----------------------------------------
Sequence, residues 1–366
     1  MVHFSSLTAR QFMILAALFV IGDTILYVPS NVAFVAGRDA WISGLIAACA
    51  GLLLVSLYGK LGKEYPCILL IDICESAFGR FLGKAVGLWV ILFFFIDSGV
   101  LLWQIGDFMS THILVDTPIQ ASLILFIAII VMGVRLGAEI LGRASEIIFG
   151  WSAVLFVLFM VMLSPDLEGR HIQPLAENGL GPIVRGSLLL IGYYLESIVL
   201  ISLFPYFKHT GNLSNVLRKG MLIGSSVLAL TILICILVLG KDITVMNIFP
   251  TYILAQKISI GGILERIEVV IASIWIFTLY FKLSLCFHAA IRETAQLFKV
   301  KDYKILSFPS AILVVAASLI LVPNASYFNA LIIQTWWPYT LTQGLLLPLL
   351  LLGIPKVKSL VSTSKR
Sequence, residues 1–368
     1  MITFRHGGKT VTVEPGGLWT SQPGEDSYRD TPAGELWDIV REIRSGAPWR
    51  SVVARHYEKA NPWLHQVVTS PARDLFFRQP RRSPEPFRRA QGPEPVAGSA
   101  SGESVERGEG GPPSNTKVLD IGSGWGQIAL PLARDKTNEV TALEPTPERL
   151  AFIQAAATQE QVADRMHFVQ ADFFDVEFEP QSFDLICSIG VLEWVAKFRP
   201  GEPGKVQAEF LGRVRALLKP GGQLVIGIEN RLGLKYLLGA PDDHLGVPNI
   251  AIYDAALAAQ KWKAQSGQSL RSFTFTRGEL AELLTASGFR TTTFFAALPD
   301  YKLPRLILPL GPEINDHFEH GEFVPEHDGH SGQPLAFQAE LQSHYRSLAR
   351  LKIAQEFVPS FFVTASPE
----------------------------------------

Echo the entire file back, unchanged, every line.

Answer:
Sequence, residues 1–366
     1  MVHFSSLTAR QFMILAALFV IGDTILYVPS NVAFVAGRDA WISGLIAACA
    51  GLLLVSLYGK LGKEYPCILL IDICESAFGR FLGKAVGLWV ILFFFIDSGV
   101  LLWQIGDFMS THILVDTPIQ ASLILFIAII VMGVRLGAEI LGRASEIIFG
   151  WSAVLFVLFM VMLSPDLEGR HIQPLAENGL GPIVRGSLLL IGYYLESIVL
   201  ISLFPYFKHT GNLSNVLRKG MLIGSSVLAL TILICILVLG KDITVMNIFP
   251  TYILAQKISI GGILERIEVV IASIWIFTLY FKLSLCFHAA IRETAQLFKV
   301  KDYKILSFPS AILVVAASLI LVPNASYFNA LIIQTWWPYT LTQGLLLPLL
   351  LLGIPKVKSL VSTSKR
Sequence, residues 1–368
     1  MITFRHGGKT VTVEPGGLWT SQPGEDSYRD TPAGELWDIV REIRSGAPWR
    51  SVVARHYEKA NPWLHQVVTS PARDLFFRQP RRSPEPFRRA QGPEPVAGSA
   101  SGESVERGEG GPPSNTKVLD IGSGWGQIAL PLARDKTNEV TALEPTPERL
   151  AFIQAAATQE QVADRMHFVQ ADFFDVEFEP QSFDLICSIG VLEWVAKFRP
   201  GEPGKVQAEF LGRVRALLKP GGQLVIGIEN RLGLKYLLGA PDDHLGVPNI
   251  AIYDAALAAQ KWKAQSGQSL RSFTFTRGEL AELLTASGFR TTTFFAALPD
   301  YKLPRLILPL GPEINDHFEH GEFVPEHDGH SGQPLAFQAE LQSHYRSLAR
   351  LKIAQEFVPS FFVTASPE